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Forgetfulness: It's Not Always What You Think

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Advice for Today

Scientists are working to develop new drugs that someday may slow, reverse, or prevent the damage caused by Alzheimer's disease and multi infarct dementia. In the meantime, people who have no dementia symptoms can try to keep their memory sharp.

Some suggestions include developing interests or hobbies and staying involved in activities that stimulate both the mind and body. Giving careful attention to physical fitness and exercise also may go a long way toward keeping a healthy state of mind. Limiting the use of alcoholic beverages is important, because heavy drinking over time can cause permanent brain damage.

Many people find it useful to plan tasks; make "things to do" lists; and use notes, calendars, and other memory aids. They also may remember things better by mentally connecting them to other meaningful things, such as a familiar name, song, or lines from a poem.

Stress, anxiety, or depression can make a person more forgetful. Forgetfulness caused by these emotions usually is temporary and goes away when the feelings fade. However, if these feelings last for a long period of time, getting help from a professional is important. Treatment may include counseling or medication, or a combination of both.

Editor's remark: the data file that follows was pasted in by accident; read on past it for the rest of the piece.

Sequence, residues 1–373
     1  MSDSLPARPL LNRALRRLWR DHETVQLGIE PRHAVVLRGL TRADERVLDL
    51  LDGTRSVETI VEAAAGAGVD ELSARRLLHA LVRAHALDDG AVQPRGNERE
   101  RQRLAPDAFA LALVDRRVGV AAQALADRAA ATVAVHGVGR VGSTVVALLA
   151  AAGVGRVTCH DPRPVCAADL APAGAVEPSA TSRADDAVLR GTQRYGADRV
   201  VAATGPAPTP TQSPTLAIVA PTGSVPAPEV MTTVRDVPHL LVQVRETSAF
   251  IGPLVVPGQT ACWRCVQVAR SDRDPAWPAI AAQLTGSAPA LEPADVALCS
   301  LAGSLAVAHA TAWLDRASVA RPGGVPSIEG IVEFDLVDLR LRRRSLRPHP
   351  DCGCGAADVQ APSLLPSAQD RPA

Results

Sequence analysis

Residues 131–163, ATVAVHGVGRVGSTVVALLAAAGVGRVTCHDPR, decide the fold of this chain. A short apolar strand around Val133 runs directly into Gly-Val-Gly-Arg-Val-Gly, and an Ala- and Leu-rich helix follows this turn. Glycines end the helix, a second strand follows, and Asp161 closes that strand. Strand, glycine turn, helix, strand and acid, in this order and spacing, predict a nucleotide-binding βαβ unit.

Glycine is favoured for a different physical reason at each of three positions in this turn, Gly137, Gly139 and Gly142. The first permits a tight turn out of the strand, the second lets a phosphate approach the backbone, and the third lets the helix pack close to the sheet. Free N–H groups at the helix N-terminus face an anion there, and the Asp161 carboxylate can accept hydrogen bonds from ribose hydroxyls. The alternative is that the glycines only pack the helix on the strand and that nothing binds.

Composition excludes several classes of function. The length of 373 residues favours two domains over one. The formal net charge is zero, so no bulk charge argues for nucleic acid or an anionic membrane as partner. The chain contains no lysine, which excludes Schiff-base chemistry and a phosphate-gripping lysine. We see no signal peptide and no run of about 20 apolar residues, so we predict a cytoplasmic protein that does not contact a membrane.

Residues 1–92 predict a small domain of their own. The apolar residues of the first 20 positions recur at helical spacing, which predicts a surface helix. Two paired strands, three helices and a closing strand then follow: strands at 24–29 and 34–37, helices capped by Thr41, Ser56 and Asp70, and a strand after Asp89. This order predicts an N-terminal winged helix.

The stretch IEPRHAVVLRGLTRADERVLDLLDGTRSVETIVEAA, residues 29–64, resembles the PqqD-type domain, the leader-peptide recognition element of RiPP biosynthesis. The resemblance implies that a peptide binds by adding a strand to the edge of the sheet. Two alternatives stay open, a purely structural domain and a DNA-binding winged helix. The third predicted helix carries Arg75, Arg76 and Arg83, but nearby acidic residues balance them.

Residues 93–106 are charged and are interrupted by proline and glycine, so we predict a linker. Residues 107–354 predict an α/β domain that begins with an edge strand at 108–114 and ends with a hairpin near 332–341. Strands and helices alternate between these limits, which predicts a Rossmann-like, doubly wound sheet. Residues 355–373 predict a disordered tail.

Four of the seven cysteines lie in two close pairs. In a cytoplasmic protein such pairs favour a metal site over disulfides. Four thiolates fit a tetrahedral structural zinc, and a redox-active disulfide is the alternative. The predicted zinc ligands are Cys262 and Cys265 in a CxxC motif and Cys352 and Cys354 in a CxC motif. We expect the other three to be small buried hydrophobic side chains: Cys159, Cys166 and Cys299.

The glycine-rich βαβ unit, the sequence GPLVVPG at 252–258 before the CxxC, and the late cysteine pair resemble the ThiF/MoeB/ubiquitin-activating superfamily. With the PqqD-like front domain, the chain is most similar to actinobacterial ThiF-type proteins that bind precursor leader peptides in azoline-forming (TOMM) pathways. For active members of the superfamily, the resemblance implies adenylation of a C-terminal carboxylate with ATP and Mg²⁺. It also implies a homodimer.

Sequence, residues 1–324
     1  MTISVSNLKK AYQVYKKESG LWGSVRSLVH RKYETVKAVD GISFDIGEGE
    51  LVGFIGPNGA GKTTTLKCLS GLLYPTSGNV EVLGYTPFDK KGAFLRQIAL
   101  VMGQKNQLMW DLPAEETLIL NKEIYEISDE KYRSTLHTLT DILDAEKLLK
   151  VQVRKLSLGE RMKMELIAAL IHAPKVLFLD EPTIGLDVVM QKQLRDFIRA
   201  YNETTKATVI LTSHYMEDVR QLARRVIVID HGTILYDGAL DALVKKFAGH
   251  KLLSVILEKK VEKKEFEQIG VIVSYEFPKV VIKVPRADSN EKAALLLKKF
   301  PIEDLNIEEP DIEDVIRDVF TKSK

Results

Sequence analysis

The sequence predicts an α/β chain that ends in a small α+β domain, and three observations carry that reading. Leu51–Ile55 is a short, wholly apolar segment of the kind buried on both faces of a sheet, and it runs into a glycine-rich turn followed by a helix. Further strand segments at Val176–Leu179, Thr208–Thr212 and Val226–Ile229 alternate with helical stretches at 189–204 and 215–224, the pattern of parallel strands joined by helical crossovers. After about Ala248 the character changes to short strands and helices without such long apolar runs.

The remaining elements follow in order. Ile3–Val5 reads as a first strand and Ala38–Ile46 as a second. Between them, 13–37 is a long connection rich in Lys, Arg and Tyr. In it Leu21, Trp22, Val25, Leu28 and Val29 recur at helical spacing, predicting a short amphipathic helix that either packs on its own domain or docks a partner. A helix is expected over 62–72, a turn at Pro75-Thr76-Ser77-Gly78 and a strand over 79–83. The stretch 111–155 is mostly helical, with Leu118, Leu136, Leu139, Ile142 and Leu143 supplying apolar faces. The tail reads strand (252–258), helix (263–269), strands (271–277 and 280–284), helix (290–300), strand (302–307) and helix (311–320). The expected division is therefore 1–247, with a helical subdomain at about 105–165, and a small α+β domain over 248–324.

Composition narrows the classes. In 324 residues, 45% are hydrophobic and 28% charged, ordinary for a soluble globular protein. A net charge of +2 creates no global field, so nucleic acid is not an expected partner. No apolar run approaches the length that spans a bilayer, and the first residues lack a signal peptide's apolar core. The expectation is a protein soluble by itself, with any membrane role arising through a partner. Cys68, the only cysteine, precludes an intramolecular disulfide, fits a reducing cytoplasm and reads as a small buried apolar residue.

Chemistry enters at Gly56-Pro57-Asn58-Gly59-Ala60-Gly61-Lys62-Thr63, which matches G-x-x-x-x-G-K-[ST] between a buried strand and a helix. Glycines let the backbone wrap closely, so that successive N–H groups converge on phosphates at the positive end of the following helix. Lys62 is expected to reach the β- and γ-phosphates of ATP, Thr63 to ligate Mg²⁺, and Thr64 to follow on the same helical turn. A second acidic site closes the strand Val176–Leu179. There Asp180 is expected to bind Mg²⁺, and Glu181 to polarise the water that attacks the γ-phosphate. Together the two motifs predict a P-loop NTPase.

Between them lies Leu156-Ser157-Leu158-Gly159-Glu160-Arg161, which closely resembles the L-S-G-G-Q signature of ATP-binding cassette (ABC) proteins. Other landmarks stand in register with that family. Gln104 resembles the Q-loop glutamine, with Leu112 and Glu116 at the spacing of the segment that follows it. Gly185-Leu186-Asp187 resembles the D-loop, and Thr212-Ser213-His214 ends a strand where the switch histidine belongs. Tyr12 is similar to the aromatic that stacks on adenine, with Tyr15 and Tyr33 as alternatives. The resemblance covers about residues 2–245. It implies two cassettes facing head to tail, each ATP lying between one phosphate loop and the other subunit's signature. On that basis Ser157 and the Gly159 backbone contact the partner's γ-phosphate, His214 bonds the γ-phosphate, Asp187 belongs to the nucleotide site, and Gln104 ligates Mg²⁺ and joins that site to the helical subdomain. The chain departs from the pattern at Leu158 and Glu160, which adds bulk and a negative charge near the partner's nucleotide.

Some physical and mental changes occur with age in healthy people. However, much pain and suffering can be avoided if older people, their families, and their doctors recognize dementia as a disease, not part of normal aging.

For More Information

The Alzheimer's Disease Education and Referral (ADEAR) Center is a service of the National Institute on Aging, part of the Federal Government's National Institutes of Health. The Center provides information to health professionals, patients and their families, and the public. Contact:
ADEAR Center
P.O. Box 8250
Silver Spring, MD 20907 8250
1-800-438-4380
www.alzheimers.org

The Alzheimer's Association is a nonprofit organization supporting AD research and offering information and support services to people with AD and their families. Contact:
Alzheimer's Association
225 N. Michigan Avenue, Suite 1700
Chicago, IL 60601-7633
1-800-272-3900
www.alz.org

Information about community resources is available from State and Area Agencies on Aging. Contact:
Eldercare Locator
1-800-677-1116
www.eldercare.gov

For more information on health and aging, contact:
National Institute on Aging Information Center
P.O. Box 8057
Gaithersburg, MD 20898-8057
1-800-222-2225 (toll-free)
1-800-222-4225 (TTY toll-free)
www.nia.nih.gov

To order publications (in English or Spanish) online, visit: www.niapublications.org.

Visit NIHSeniorHealth.gov (www.NIHseniorhealth.gov ), a senior-friendly website from the National Institute on Aging and the National Library of Medicine. This simple-to-use website features popular health topics for older adults. It has large type and a 'talking' function that reads the text out loud.

National Institute on Aging
U.S. Department of Health and Human Services
Public Health Service
National Institutes of Health
August 2005
Web page last updated: December 29, 2005

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WebMD Public Information from the U.S. National Institutes of Health

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